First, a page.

He is understated and humble but ferociously intelligent.  He builds most of the art himself, a secret engineer, scientist, and carpenter he received a 100% in a biology exam that no one had ever accomplished but Jonathan is an artist first.  He tells me, he already knew he wanted to be an artist age nine. Always drawing in school, and when you are good at something people reinforce it, he says.  His inspirations are looking up and being grateful. 

I ask Jonathan about his golden boats, ‘Fleet on foot’  that you see curated along Tontine Street, high up on posts.  3D printed replicas, of actual boats with a history in this town, covered in 24 carat gold leaf, complimenting the paintwork of edwardian architecture in pretty Folkestone.  This is his new home since eight years, with his wife, actress Zigi and their two children Archie and Daisy.  Jonathan also has two elder children from his first marriage, Lottie 22 and Rufus 24.  His inspiration for ‘Fleet on Foot’ came from the golden lions in St Marks’s Square, Venice, he explains.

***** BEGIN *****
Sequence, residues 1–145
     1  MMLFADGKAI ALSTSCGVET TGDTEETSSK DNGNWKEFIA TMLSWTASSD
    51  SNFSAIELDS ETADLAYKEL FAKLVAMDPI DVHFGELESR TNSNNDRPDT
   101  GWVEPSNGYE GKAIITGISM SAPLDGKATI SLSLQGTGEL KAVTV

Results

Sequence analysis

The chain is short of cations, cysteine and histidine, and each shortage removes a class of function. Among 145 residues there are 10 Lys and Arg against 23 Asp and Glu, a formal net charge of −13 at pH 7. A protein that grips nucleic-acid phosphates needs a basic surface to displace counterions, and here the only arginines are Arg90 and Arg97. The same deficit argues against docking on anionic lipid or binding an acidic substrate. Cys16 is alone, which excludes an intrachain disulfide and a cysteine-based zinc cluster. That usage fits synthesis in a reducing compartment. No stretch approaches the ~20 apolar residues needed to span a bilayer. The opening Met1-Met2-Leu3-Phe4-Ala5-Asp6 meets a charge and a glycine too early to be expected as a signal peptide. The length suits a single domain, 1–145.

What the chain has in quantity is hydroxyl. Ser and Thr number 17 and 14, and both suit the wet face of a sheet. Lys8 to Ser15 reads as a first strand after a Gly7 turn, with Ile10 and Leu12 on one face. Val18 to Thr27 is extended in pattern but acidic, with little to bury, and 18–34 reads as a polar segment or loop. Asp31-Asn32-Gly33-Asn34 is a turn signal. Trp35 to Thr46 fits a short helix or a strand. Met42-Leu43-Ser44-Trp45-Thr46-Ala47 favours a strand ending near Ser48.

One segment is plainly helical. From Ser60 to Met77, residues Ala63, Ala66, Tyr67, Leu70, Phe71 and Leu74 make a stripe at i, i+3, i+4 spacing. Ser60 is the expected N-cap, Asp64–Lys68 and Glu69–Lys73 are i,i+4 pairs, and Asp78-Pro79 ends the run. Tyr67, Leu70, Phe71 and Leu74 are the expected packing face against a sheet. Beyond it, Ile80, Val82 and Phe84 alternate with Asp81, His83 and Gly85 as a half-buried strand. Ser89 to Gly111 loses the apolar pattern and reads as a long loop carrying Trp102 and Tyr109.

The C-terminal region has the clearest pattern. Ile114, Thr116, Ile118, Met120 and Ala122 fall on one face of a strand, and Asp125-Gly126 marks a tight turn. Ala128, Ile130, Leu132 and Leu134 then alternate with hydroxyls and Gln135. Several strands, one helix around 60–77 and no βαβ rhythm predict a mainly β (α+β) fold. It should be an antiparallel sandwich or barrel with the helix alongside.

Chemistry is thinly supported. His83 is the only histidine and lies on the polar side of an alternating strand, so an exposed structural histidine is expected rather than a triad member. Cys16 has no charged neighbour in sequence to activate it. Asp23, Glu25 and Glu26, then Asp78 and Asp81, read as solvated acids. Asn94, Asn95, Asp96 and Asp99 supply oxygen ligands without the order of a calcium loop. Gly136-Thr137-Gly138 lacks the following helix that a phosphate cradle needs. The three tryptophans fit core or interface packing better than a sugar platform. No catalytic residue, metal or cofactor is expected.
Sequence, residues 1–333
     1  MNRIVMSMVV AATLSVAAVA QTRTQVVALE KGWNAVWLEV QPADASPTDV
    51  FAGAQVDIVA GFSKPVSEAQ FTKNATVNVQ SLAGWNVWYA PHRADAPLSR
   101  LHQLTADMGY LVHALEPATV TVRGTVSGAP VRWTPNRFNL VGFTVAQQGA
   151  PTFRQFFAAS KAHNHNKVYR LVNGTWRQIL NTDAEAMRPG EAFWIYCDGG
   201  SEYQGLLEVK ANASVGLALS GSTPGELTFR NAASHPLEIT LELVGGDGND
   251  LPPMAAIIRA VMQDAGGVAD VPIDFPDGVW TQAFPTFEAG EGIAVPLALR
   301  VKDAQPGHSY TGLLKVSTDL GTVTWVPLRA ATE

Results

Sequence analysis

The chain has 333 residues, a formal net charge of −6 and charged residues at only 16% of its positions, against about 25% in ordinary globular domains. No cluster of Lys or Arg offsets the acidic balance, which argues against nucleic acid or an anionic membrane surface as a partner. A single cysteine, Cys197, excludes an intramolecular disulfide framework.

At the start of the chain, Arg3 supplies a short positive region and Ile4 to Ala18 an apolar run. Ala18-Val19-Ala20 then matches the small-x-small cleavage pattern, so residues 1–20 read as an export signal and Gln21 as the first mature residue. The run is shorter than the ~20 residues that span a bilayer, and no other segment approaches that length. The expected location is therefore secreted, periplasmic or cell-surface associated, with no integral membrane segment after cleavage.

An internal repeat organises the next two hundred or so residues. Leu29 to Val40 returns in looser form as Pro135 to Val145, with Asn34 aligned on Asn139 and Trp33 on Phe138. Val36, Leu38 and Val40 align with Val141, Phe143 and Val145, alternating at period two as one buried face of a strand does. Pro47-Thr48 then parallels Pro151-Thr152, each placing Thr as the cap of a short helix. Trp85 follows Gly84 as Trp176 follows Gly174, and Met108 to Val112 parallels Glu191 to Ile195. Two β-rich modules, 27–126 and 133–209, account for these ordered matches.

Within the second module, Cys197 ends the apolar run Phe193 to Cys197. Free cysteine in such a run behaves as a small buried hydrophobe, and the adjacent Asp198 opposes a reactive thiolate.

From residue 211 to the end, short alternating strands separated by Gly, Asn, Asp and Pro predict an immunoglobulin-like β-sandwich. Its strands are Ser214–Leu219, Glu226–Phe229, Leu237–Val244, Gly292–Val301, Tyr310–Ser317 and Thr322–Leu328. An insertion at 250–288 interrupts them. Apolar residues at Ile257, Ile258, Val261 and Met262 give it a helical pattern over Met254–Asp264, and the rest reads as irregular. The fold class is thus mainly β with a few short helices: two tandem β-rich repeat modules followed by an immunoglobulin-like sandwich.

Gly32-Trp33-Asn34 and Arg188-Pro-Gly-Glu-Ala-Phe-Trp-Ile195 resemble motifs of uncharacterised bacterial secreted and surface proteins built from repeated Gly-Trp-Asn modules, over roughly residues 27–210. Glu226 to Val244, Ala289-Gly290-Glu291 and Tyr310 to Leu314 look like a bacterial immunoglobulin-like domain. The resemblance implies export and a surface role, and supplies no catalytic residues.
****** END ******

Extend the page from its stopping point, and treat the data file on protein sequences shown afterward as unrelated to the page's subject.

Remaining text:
Art work Jonathan WrightFleet on FootFleet on

What fascinated me abut Jonathan, when I ask him about this work, is that he gave me a whole new meaning about how to understand boats, educating me on what the hull actually does.  The pressure from the water below versus the weight from above, as I gaze at another art work in his studio ‘Hulls’, the sculptures are boats that are open on one side to reveal the hollow structure, the other inscribed with words.  One of them from Hemingway’s book Old Man and the Sea, the other sculpture the emotionally charged words from broken refugees fleeing Syria to come to Italy.